Income inequality and socioeconomic gradients in mortality.
ABSTRACT We investigated whether the processes underlying the association between income inequality and population health are related to those responsible for the socioeconomic gradient in health and whether health disparities are smaller when income differences are narrower.
We used multilevel models in a regression analysis of 10 age- and cause-specific US county mortality rates on county median household incomes and on state income inequality. We assessed whether mortality rates more closely related to county income were also more closely related to state income inequality. We also compared mortality gradients in more- and less-equal states.
Mortality rates more strongly associated with county income were more strongly associated with state income inequality: across all mortality rates, r= -0.81; P=.004. The effect of state income inequality on the socioeconomic gradient in health varied by cause of death, but greater equality usually benefited both wealthier and poorer counties.
Although mortality rates with steep socioeconomic gradients were more sensitive to income distribution than were rates with flatter gradients, narrower income differences benefit people in both wealthy and poor areas and may, paradoxically, do little to reduce health disparities.
Article: Does the state you live in make a difference? Multilevel analysis of self-rated health in the US.[show abstract] [hide abstract]
ABSTRACT: This paper investigates the different sources of variation between US states in self-rated health using multilevel statistical procedures. The different sources that are considered are based on individual- and state-level factors. Data for the analysis comes from the 1993-94 Behavioral Risk Factor Surveillance System and the 1986-90 General Social Surveys. Results show that individual-level factors (such as low income, being black, smoking) are strongly associated with self-rated poor health. Significant variation, however, remain between states after allowing for individual characteristics. Crucially, between-state variation in self-rated health is different for different income groups. State-level contextual effects are found for per-capita median-income and 'social capital'. While not strong, there seems to be a differential impact of state income-inequality on high-income groups, such that the affluent report better health from living in high inequality states. The paper substantiates the need to connect individual health to their macro socioeconomic context. Importantly, it is argued that without adopting an explicitly multilevel approach, the debate on linkages between individual health and income-inequality/social capital cannot be adequately addressed.Social Science [?] Medicine 08/2001; 53(1):9-19. · 2.70 Impact Factor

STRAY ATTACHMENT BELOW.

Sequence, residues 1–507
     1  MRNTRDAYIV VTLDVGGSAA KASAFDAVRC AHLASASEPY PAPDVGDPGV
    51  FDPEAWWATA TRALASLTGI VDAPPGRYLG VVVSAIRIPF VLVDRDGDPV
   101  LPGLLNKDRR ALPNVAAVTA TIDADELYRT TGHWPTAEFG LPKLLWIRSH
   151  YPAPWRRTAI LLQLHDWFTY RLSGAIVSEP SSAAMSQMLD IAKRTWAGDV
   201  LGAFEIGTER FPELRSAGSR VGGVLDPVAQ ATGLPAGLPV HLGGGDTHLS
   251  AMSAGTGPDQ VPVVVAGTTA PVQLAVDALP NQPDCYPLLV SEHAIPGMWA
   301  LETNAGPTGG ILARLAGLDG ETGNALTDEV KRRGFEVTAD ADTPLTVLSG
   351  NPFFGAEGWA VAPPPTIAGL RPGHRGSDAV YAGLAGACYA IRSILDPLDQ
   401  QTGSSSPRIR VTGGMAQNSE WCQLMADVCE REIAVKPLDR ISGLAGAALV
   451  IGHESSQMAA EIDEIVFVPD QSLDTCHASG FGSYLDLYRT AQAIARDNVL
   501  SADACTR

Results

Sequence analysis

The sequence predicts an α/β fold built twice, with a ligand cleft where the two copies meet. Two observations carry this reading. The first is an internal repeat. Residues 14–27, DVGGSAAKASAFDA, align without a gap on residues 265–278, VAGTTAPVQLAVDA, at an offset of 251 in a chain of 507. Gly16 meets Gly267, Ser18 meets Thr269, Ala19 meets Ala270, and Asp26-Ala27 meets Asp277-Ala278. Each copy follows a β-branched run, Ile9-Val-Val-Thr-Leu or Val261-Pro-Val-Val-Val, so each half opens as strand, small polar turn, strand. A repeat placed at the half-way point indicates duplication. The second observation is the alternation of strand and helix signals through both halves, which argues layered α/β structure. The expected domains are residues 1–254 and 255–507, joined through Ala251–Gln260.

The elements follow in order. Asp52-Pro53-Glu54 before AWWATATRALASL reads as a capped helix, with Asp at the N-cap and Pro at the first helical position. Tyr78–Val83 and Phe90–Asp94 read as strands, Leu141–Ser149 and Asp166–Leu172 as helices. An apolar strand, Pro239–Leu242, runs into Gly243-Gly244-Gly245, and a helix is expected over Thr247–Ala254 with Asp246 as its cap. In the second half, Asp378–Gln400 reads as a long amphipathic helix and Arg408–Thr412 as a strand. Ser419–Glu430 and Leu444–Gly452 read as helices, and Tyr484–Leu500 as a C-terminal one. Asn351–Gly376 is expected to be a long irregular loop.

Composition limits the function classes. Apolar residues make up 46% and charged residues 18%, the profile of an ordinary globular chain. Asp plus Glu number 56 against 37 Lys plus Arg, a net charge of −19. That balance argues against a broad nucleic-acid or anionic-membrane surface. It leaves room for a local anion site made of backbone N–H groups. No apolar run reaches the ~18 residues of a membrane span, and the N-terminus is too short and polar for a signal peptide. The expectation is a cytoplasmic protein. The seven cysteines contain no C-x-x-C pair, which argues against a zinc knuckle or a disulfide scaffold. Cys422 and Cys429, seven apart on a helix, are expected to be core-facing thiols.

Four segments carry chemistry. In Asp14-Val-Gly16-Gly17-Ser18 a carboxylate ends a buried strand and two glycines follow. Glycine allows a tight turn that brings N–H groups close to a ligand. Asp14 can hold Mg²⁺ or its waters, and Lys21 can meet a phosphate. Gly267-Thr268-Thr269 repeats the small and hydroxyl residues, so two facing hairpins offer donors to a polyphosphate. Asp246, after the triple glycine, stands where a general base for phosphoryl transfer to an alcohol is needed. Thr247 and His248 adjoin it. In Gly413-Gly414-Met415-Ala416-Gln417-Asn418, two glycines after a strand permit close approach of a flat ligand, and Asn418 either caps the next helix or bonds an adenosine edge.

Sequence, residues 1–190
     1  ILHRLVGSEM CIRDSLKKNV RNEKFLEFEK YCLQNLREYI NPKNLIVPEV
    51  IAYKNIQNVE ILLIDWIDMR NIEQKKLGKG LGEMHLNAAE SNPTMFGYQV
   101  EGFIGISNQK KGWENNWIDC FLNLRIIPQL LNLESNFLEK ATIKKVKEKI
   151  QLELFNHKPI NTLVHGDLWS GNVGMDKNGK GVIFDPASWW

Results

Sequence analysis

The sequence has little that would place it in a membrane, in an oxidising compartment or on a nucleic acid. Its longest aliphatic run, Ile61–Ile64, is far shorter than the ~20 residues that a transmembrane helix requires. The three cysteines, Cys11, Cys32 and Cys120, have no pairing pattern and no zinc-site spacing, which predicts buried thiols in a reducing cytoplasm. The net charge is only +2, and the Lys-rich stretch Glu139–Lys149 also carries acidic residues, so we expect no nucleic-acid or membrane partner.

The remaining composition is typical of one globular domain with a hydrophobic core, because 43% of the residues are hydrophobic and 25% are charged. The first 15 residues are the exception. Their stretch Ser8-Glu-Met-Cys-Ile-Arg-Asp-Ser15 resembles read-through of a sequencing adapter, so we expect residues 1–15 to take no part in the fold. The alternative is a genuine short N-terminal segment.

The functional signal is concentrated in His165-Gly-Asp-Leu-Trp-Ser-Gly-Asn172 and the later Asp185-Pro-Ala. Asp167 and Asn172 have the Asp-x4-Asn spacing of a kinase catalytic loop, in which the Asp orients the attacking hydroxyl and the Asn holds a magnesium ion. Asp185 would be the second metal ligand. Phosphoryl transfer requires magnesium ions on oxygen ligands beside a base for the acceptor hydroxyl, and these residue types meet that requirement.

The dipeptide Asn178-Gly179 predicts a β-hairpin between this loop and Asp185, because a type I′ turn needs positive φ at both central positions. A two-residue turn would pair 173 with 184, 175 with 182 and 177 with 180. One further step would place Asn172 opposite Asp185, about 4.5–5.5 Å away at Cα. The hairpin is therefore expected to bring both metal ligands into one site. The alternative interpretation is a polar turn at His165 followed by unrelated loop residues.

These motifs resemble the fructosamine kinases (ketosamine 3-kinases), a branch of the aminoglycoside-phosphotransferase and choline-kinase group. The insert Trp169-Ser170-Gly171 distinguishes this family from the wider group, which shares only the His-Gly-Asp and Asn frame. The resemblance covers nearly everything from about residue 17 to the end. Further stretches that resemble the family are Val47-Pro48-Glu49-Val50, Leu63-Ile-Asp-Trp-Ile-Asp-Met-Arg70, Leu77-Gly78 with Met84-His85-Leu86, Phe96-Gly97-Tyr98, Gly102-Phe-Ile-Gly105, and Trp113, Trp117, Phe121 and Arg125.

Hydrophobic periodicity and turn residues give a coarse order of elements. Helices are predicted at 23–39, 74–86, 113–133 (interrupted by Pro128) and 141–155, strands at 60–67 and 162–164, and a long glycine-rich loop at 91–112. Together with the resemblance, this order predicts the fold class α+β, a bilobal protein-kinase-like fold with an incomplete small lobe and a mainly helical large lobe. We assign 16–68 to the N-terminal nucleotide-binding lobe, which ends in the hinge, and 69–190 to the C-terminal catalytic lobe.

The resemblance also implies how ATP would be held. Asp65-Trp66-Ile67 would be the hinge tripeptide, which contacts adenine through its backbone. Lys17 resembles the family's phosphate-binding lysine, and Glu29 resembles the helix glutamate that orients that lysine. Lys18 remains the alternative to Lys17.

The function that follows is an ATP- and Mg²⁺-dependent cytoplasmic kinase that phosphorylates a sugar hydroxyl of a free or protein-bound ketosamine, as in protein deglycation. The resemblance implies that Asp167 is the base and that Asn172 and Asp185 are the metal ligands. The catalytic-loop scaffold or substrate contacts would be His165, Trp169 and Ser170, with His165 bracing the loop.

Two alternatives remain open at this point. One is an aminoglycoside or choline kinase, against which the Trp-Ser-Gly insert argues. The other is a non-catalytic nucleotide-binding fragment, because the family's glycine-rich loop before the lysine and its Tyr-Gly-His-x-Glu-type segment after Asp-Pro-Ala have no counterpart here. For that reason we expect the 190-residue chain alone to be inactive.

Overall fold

Article: Psychosocial and material pathways in the relation between income and health: a response to Lynch et al.BMJ 06/2001; 322(7296):1233-6. · 14.09 Impact Factor
Article: Income distribution, socioeconomic status, and self rated health in the United States: multilevel analysis.[show abstract] [hide abstract]
ABSTRACT: To determine the effect of inequalities in income within a state on self rated health status while controlling for individual characteristics such as socioeconomic status. Cross sectional multilevel study. Data were collected on income distribution in each of the 50 states in the United States. The Gini coefficient was used to measure statewide inequalities in income. Random probability samples of individuals in each state were collected by the 1993 and 1994 behavioural risk factor surveillance system, a random digit telephone survey. The survey collects information on an individual's income, education, self rated health and other health risk factors. All 50 states. Civilian, non-institutionalised (that is, non-incarcerated and non-hospitalised) US residents aged 18 years or older. Self rated health status. When personal characteristics and household income were controlled for, individuals living in states with the greatest inequalities in income were 30% more likely to report their health as fair or poor than individuals living in states with the smallest inequalities in income. Inequality in the distribution of income was associated with an adverse impact on health independent of the effect of household income.BMJ 11/1998; 317(7163):917-21. · 14.09 Impact Factor